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Performances

Lorina Gore as Tytania and Joshua Tate as The Indian Prince [Photo by Jeff Busby courtesy of Opera Australia]
06 Dec 2010

A Midsummer Night’s Dream, Opera Australia

Transplanting Britten’s Shakespeare opera to an Indian setting seems at first an illogical step by Hollywood director Baz Luhrmann.

Benjamin Britten: A Midsummer Night’s Dream

Oberon: Tobias Cole; Tytania: Lorina Gore; Puck: Tyler Coppin; Theseus: Jud Arthur; Hippolyta: Catherine Carby; Lysander: Henry Choo; Demetrius: Andrew Moran; Helena: Lisa Harper-Brown; Hermia: Dominica Matthews; Bottom: Conal Coad; Quince: Richard Anderson; Flute: Graeme Macfarlane; Snug: Shane Lowrencev; Snout: Andrew Brunsdon; Starveling: Samuel Dundas. Opera Australia Children's Chorus. Orchestra Victoria. Conductor: Paul Kildea; Director: Baz Luhrmann (revival director: Julie Edwardson); Designers: Catherine Martin & Bill Marron; Lighting Designer: Nigel Levings State Theatre, The Arts Centre. December 4, 8, 11, 14, 16 & 18, 2010

Above: Lorina Gore as Tytania and Joshua Tate as The Indian Prince

All photos by Jeff Busby courtesy of Opera Australia

 

But the result made for a popular production. Dating from 1993 Luhrmann directed this long before his rise to fame but his flair for exotica and rich visuals was apparent even then. Luhrmann’s relocating of the story from ancient Athens to 1920s India cashed-in on the trend at the time for Bollywood movies and Indian inspired fashion and décor.

The world of Indian mysticism does, however, seem more suited to the mysterious world Britten creates in his score. These spirit beings are to be feared and to enter their realm should therefore be far more disturbing. Ravel did the same in L’Enfant et les Sortileges, his enchanted garden is an alluring but fearful place. So is Britten’s forest.

Having the fairies as Indian gods and the mortals as British Raj may confuse the text and storyline and Luhrmann’s tendency to keep the action busy often spoils the nocturnal, dreaminess of some of the music. An English bandstand set in a park somewhere in India in 1923 dominates the set. The roof becomes a platform where Oberon oversees his magical ministrations while on stage level there is a pond below the bandstand where fairies and mortals meet. The orchestra have been relocated from the pit to the middle level and, dressed in military band uniform, are constantly in view as are the subtleties and inventiveness of Britten’s score.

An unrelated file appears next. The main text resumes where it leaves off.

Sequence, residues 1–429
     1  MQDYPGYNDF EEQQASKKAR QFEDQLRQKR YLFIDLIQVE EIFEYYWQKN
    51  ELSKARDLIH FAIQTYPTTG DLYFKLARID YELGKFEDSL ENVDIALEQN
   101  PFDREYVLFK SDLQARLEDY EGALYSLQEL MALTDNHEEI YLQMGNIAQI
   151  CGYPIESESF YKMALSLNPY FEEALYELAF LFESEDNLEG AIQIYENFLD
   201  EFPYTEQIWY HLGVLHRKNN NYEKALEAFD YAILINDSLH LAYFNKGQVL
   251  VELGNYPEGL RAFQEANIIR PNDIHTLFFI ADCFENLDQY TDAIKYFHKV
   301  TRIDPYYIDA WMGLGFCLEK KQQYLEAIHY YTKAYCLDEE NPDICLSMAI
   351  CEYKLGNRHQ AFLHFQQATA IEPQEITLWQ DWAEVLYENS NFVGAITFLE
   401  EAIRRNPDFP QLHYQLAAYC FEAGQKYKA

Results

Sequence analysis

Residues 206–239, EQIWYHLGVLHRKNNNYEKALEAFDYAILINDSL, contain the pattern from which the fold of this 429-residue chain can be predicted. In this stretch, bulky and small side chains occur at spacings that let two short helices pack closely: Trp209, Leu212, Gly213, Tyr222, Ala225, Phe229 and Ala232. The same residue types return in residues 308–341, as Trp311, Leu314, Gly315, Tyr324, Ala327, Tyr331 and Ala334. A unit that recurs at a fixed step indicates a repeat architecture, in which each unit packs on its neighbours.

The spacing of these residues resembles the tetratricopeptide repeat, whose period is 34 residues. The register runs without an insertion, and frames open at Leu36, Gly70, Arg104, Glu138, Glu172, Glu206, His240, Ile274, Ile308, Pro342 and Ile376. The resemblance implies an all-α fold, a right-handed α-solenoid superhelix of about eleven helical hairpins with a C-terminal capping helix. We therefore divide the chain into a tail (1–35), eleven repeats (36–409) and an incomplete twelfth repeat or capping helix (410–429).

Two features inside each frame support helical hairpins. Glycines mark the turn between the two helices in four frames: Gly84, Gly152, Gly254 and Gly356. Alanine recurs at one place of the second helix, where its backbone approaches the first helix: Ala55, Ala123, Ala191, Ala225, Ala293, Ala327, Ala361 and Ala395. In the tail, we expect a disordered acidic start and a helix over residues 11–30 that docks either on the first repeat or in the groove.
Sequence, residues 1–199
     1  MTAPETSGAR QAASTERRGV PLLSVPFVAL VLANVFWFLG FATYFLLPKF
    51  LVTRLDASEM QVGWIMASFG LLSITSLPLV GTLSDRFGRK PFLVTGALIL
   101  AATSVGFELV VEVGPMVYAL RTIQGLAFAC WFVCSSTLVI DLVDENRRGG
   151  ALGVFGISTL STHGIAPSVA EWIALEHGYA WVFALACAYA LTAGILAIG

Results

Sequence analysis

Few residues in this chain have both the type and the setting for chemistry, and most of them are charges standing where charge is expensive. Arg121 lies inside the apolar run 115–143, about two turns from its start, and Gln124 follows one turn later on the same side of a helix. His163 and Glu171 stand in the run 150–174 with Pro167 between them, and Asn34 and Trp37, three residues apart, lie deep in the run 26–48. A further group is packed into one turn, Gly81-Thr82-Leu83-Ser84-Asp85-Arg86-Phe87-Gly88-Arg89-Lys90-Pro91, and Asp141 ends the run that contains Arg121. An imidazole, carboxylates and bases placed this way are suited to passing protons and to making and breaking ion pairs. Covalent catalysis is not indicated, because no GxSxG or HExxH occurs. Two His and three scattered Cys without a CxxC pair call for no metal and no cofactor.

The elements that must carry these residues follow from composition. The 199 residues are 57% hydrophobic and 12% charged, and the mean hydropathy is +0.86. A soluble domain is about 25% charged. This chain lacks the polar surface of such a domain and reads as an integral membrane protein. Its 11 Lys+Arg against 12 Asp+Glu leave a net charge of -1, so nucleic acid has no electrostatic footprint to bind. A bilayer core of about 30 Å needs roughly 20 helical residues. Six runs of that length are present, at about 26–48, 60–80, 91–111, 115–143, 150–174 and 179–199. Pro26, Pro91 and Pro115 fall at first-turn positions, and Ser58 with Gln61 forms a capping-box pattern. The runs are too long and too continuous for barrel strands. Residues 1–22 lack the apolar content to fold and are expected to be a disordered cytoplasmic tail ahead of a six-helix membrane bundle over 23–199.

The loveliest of the opera’s scenes, where Tytania awakens to the transformed Bottom is beautifully done here. Lorina Gore’s increasing ecstatic and extravagant vocal lines float around Conal Coad’s trombone accompanied bellowing and braying as Bottom.

With his genial, rollicking bass, Coad leads the mechanicals in their three scenes with great success. In the guise of an army entertainment troop, the effect is straight out of an English Music Hall parody of Italian opera along the lines that Britten and librettist Peter Pears intended.

The quartet of lovers is superb. Henry Choo’s ardent and honey-voiced Lysander sounds very much in the British tenor tradition. Choo’s first scene with Hermia is beautifully sung. Even more so as he sang the repeated “I swear to thee” phrases running up and down a staircase! Lisa Harper-Brown’s plaintive soprano beautifully contrasts with Dominica Matthews’s mezzo in the famous squabble that, here, becomes a cat-fight ending with both splashing about in the pool. The physical prowess of Opera Australia’s singers often matches their vocal prowess.

The most physical performance of all is Tyler Coppin’s as Puck. Nobody seems to cast a boy in this part anymore as using an adult actor gives greater opportunity to create a character. With his small stature Coppin has the best of both worlds however, looking like an adult trapped in boy’s body. His slapstick performance contrasts nicely with Tobias Cole’s stealthy, almost sinister Oberon. Perched above the stage with waist length dreadlocks, white face, blue, clawed hands and backed by Britten’s melismatic music Cole’s performance reinforces this role as still one of the best in modern operatic literature for a counter-tenor.

MSDN_Australia_02.gifTobias Cole as Oberon and Lorina Gore as Tytania

In a sound-world all of its own, Oberon’s music benefited from Cole’s restrained performance. With their prominence on the stage Orchestra Victoria, lead by Britten authority Paul Kildea, were able to make every nuance of the fairies' scenes as well as the deliberately lumpen scenes for the rustics and their play.

This Midsummer Night’s Dream was a run-away success when first staged and, unlike any other production of a Britten opera, played to full houses. The production was so popular it was presented at the 1994 Edinburgh Festival. The sheer vitality of the playing, singing and production in this revival make any qualms about the logic of the setting fall away thanks to the hallmark ensemble work of this company.

Michael Magnusson

MSDN_Australia_04.gifTobias Cole as Oberon and Tyler Coppin as Puck

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